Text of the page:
'I used to work in Europe, brokering $100,000 deals in the import/export business,' Hassan says in flawless German, as he drives his age-old Mercedes taxi through Beirut's streets, which are scattered with razor-wire and military checkpoints. 'Now I am back in Lebanon, making a living out of one dollar rides. Life is hard, because of Israel and the strikes,' he says, resentfully eyeing the sit-in set up by the opposition forces on Martyrs' Square.
Post civil-war strife
Like Hassan, most Lebanese struggle to make ends meet. The economy has been at a standstill for the past two years, since the Cedar Revolution began in February 2005. The movement ousted the pro-Syrian regime and was fuelled in part by a desire to free the Lebanese economy of Damascus’ chains. According to a 2001 UN report, analysed by British journalist Nicholas Blanford in his book Killing Mr. Lebanon, bribes to Syrian officials amounted to 5% of GDP during the Pax Syriana, which lasted from 1990 to 2005.
Countless strikes and demonstrations are believed to have cost Lebanon 8% of its GDP in 2005, and GDP growth dropped to zero. In 2006, the situation worsened with further political upheaval caused by the Israeli invasion and air attacks.
The total cost of the Israel-Hezbollah war is estimated at $7 billion, according to Albert Nasr, director of the Centre for Economic Research in Beirut. Emergency relief alone, including the reconstruction of destroyed dwellings, sums up to $1 billion. The cost of rebuilding damaged infrastructure will probably reach between $2.5 and $3 billion. On top of that, the direct impact on tourism and trade cost Lebanon 10% of its GDP, so that by the end of 2006 the economy had contracted by 5%.
Getting out of the game
The Lebanese economy still faces an uphill struggle. Lebanon has not yet returned to normalcy: 'The incurred losses will affect the economy for a long time to come,' predicts Nasr, quick to underline another hurdle to local entrepreneurship. The US dollar has been used interchangeably with Lebanese Lira as de facto legal tender since 1992, a policy driven by the need to secure loans and contain inflation in the post-civil war period. Nasr explains that this fixed exchange-rate has made Lebanon a very expensive country to invest in, so that factories are moving out, mainly to Egypt.
However, the backbone of the Lebanese economy remains its financial sector, which needs a strong currency to thrive, says Camille Noun, an economic consultant for the Middle East. Heavy investments have been cemented in the historical district of the capital in an effort to restore Beirut's position as the region’s financial capital and Dubai-like paradise for financial activities.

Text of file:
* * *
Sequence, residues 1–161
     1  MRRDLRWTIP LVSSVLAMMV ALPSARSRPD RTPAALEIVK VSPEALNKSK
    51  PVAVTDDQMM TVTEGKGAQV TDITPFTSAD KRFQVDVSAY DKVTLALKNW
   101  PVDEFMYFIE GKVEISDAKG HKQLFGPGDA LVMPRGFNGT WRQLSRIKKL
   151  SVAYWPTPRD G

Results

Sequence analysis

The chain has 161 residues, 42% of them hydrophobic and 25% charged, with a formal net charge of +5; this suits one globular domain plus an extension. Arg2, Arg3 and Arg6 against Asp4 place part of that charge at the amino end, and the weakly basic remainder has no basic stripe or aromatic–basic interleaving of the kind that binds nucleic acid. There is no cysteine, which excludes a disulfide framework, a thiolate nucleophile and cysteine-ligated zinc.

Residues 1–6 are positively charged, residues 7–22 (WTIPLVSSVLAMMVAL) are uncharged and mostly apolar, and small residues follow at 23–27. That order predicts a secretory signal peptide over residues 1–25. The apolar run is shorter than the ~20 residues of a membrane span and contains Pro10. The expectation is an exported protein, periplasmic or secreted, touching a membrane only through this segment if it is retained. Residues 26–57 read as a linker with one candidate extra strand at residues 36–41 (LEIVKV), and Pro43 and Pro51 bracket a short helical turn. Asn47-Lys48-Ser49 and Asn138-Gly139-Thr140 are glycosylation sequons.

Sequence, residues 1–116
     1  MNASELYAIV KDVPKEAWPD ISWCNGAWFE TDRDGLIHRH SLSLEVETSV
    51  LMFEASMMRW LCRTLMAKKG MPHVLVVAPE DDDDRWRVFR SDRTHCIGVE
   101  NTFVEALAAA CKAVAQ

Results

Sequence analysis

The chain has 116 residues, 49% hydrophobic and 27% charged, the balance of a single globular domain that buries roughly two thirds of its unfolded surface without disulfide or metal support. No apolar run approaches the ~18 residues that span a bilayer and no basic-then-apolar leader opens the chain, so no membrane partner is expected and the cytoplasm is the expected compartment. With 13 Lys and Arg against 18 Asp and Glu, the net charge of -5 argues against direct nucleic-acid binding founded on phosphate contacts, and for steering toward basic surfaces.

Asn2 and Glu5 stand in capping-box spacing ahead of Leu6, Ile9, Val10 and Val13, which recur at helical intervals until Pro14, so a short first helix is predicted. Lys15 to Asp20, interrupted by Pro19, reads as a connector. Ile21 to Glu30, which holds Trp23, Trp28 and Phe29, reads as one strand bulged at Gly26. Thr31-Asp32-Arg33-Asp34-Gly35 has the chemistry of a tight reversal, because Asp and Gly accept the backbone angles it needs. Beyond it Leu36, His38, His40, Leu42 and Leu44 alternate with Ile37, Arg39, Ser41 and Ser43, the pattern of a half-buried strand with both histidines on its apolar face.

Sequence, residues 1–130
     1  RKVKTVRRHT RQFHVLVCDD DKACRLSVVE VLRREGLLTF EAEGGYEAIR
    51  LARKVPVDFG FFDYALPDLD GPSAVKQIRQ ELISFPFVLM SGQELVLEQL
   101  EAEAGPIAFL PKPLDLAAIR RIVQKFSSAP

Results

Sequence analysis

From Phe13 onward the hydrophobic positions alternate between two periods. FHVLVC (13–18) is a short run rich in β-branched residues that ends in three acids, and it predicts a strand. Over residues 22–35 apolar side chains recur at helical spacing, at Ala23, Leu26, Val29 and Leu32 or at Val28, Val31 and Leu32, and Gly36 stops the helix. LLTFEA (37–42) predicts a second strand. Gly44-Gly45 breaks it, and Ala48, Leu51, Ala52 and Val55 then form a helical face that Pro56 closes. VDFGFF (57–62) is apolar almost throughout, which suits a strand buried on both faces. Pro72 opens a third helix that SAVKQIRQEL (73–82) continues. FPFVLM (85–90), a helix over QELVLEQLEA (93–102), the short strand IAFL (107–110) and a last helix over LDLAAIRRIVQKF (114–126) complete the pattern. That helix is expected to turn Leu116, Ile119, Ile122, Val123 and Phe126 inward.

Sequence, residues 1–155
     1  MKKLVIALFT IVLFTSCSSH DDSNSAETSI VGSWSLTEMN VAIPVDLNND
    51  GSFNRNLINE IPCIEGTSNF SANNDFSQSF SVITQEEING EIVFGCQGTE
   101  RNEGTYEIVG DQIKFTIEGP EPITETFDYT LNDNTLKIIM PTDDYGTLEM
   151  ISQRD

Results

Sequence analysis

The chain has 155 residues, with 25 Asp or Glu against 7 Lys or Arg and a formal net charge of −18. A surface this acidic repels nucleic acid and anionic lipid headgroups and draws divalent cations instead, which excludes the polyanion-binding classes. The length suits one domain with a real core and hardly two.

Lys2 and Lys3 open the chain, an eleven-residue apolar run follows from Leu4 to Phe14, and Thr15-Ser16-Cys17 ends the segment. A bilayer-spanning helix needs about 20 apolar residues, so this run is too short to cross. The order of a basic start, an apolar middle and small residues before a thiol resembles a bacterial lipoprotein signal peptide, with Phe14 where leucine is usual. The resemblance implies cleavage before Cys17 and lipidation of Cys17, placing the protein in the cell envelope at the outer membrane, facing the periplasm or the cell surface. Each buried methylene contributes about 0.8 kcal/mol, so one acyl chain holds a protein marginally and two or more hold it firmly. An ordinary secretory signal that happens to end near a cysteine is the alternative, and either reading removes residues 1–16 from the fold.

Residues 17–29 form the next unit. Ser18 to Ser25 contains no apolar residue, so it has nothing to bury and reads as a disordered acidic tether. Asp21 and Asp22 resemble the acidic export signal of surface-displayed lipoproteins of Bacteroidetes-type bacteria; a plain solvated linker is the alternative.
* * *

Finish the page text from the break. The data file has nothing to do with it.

Hammer and sickle
Downtown, a billboard informs passers-by of Damac Properties’ new bargain 'Buy one condo, get a Jaguar X-type free'. Noun argues that not all Lebanese feel they have gained anything from the reconstruction plan. Ali, a teenager in Baalbek, the largest city of the Bekaa valley, spends his days selling chewing-gum on unkempt sidewalks. He constantly complains that 'life is too expensive', whilst praising the achievements of Shia and opposition leader Hassan Nasrallah.
The reconstruction policy relies in great part on a rebirth of the financial sector, overlooking the interests of other industries, chiefly agriculture. The countless hammers and sickles painted on the walls around Martyrs’ Square are a clue to secular, economic demands. The Lebanese farmers concentrated in the mostly Shia regions of the Bekaa valley and the south feel neglected by the current pro-business economic policies.
'Analysing the current political stand-off through economic issues can be misleading,' Noun says. 'They represent one aspect of the problem. Without disputing the need for social reforms, he argues that Lebanon’s polarisation has much to do with international politics. Entangled in the regional ‘cold war’ between Tehran and Washington, the country has two options: 'Either wait for the crisis to be resolved or get out of the game.'
Despite its significant donations at the recent Paris 3 conference, the EU is not perceived as a possible mediator. 'The EU does not really exist in Lebanon, and its role is limited to being a star-spangled wallet,' is Noun's last word on the subject.
All the while, Lebanon’s brightest youths keep leaving their conflict- (and much bullet-) ridden homeland, joining the ranks of the army of Lebanese working abroad, the country’s most valuable asset. The ‘love money’ they send back adds up to $4 billion a year (20% of GDP), and gives much-needed oxygen to an economy suffocating under political rivalries (Nasr).